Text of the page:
Sometimes the ball bounces funny and you end up undefeated or you end up losing however many, and our guys just kept working and whatever came their way, they handled it and pressed on and handled adversity and handled success as it came. They need a little break and they need to take a deep breath and then they need to think about playing against one of the top teams in the nation wherever we play, whoever it is. We’ve had — really we’ve had 13 games in 2010. We played a pretty good Oregon team on the first day of the year, so it’s been a lot of fun.

REPORTER: The big one called back for over 98 yards, that ties the longest run, can you talk about what it was for him and maybe the team in general, not just the celebration penalties, but personal penalties, it seemed like an odd game it seemed like.

COACH TRESSEL: Yeah, I suppose. It was an emotional game for everyone. It was a strange game offensively where we kind of led with the pass in the first half and all of a sudden we got a couple turnovers and we are looking more at leading with the run the second half, and I don’t even know if we threw the ball the second half. It wasn’t like all of a sudden a snowstorm came in or something. It was just that’s not what we needed to do and we always talk about we do what the team needs, and first half we needed to throw it. They were jamming the box full of people and we felt like we could throw the ball. And our guys were protecting well. And TP was stepping up running and making good decisions and he probably threw a couple touchdowns today, I imagine, two, and put him tied with Troy? No, career. Check that.

REPORTER: (Inaudible)

COACH TRESSEL: He is? Go to the old veteran. Old stand by. All right, Clay, last one. You’re the best dressed, that’s why I’m going that route.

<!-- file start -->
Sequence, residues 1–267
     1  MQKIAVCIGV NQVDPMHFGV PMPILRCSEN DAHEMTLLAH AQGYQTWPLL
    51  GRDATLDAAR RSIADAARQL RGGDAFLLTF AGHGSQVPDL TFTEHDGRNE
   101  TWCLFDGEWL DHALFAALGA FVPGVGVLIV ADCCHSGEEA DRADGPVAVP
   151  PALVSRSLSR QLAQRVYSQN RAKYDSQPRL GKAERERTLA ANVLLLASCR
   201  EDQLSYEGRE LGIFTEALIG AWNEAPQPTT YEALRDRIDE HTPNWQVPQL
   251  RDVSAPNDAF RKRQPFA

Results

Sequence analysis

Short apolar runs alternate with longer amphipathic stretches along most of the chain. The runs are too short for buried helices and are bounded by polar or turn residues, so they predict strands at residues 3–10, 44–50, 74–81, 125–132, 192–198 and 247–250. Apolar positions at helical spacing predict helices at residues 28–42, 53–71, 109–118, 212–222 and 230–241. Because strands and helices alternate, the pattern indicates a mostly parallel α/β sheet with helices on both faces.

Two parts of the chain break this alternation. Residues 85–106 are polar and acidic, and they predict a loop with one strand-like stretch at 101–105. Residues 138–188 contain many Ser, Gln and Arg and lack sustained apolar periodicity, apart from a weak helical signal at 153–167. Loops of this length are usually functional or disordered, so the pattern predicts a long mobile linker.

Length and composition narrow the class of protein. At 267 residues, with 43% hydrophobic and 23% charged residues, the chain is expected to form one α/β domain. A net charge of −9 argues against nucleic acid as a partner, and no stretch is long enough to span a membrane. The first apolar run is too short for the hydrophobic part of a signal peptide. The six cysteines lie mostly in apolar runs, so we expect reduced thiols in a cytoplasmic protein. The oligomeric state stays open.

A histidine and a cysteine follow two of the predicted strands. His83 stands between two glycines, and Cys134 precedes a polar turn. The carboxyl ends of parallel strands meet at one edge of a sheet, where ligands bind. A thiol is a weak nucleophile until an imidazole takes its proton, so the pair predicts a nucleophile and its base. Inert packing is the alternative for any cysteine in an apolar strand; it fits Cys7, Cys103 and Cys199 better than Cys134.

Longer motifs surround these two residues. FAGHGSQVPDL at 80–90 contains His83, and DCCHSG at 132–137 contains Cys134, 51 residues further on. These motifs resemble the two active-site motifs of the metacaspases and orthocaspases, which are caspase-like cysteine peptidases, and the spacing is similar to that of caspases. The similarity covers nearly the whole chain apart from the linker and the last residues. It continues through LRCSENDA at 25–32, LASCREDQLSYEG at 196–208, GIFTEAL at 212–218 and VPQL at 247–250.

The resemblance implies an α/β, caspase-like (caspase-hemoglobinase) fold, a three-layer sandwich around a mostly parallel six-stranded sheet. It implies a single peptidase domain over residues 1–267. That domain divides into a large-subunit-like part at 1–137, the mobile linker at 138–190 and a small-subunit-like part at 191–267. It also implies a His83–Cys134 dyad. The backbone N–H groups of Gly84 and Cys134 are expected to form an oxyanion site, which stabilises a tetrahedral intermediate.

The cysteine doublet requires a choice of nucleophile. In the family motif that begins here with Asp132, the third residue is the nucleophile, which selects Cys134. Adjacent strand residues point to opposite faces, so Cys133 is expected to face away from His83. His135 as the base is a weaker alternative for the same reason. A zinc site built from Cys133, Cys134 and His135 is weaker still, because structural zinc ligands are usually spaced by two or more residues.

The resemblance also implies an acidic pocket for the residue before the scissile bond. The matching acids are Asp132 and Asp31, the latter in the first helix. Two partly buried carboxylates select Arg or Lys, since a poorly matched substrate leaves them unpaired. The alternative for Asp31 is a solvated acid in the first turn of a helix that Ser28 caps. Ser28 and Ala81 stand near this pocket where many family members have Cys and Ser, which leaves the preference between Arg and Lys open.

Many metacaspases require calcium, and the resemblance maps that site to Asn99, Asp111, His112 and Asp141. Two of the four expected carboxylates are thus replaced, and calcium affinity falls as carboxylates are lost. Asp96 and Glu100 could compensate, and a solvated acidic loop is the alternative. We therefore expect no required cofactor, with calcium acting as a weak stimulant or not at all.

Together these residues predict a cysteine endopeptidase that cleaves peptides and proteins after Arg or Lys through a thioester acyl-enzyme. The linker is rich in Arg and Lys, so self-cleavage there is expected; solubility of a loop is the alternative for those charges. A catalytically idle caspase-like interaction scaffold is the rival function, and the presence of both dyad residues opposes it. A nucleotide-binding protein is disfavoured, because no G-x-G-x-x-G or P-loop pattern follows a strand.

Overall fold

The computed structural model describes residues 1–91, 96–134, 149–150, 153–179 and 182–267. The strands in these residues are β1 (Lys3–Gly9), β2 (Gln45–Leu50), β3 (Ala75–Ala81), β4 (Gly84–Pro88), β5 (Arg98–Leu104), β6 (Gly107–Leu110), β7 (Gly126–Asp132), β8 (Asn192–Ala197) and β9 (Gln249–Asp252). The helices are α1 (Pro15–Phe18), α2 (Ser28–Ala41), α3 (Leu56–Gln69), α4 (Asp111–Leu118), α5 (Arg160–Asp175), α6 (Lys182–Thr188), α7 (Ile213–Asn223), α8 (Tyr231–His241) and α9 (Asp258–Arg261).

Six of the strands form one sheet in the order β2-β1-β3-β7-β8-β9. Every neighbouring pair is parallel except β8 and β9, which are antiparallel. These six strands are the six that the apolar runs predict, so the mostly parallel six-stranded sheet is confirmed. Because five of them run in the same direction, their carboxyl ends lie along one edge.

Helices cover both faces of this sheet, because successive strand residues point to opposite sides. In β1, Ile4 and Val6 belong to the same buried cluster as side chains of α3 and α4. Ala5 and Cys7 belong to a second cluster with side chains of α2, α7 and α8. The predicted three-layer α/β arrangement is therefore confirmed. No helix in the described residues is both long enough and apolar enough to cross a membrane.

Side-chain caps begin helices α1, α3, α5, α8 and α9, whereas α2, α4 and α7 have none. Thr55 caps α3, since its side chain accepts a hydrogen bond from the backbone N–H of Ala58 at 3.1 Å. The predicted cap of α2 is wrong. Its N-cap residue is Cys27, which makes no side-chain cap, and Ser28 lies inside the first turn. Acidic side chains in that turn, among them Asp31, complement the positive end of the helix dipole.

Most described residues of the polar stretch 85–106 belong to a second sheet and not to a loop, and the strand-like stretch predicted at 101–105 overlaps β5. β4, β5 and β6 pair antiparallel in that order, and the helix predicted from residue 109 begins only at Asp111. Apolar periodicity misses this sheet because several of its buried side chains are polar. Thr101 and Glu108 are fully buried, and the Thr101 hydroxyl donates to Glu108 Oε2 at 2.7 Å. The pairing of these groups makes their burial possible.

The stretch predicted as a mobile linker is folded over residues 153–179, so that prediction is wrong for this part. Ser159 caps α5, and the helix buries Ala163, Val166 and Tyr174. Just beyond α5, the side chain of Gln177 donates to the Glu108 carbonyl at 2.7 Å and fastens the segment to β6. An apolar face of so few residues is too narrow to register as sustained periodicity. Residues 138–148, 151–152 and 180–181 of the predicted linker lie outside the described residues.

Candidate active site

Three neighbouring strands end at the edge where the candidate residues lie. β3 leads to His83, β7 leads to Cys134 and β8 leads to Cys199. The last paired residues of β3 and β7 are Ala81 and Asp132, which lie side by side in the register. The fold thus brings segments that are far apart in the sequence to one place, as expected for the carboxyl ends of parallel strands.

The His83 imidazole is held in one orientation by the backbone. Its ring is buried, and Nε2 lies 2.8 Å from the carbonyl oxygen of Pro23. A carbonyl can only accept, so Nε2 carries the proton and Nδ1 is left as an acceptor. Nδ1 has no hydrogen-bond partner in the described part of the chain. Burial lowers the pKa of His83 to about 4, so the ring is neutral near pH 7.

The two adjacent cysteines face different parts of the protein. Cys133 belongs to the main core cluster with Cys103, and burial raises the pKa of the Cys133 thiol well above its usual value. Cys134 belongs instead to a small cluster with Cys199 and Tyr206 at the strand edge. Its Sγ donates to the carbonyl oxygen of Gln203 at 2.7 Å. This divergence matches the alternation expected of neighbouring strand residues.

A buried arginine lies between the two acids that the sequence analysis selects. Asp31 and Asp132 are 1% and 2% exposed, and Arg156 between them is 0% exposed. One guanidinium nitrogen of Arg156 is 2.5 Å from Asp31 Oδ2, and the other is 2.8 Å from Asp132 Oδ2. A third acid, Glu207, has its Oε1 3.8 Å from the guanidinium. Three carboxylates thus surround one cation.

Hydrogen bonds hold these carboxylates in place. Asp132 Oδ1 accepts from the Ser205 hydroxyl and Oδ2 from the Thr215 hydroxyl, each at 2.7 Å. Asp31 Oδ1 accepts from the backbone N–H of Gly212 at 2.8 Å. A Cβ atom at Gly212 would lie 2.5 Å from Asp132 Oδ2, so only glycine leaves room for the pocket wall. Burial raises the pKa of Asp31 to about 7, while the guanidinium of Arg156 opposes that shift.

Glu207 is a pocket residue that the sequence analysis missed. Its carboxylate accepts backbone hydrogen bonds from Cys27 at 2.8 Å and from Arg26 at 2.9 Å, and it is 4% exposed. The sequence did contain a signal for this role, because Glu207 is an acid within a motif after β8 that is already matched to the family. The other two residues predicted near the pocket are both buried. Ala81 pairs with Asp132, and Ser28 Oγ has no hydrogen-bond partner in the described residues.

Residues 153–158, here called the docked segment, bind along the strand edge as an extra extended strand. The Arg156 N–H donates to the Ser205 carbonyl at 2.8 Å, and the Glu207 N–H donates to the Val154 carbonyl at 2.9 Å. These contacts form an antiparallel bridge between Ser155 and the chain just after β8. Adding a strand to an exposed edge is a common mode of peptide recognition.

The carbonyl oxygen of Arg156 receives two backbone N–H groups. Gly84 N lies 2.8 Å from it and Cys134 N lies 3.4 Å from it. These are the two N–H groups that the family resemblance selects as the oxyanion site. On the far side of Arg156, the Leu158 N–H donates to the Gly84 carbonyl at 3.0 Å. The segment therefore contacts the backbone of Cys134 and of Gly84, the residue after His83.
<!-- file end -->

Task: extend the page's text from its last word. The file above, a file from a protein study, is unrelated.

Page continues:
REPORTER: (Inaudible).

COACH TRESSEL: You know, I don’t know about turning point, but that was a critical point, because they worked very hard to go down and get their touchdown, and all of a sudden it took us 20 seconds to answer, and Jordan Hall is a great football player. I wish there were more opportunities for him to have the ball in his hands because, man, he can play, and we love him as a punt returner. And they tried to pooch that kickoff. I didn’t see their starting kickoff guy there because he’s their punter too, and so they obviously had to come up with a different plan.

Our guys couldn’t tell by the kicker’s approach where he was going with the ball and our front-line people did a wonderful job of adjusting, and Jordan, you know, took it to the house and that was critical. But Jordan Hall is a fantastic football player and I’m glad he’s a Buckeye.

REPORTER: (Inaudible)

COACH TRESSEL: You know, I never feel slighted. I intimated someplace nice? Every bowl I’ve been to has been nice. We always say you get as your works deserve, wherever you deserve to be will be, and we will be happy and we’ll have a tough opponent, so —

REPORTER: (Inaudible)

COACH TRESSEL: Yeah, I think we’re a top ten team. You know what, I don’t even pay attention to all the different things and that stuff, but, yeah, I think — there’s 10 BCS teams, right? But who cares what I think. See ya.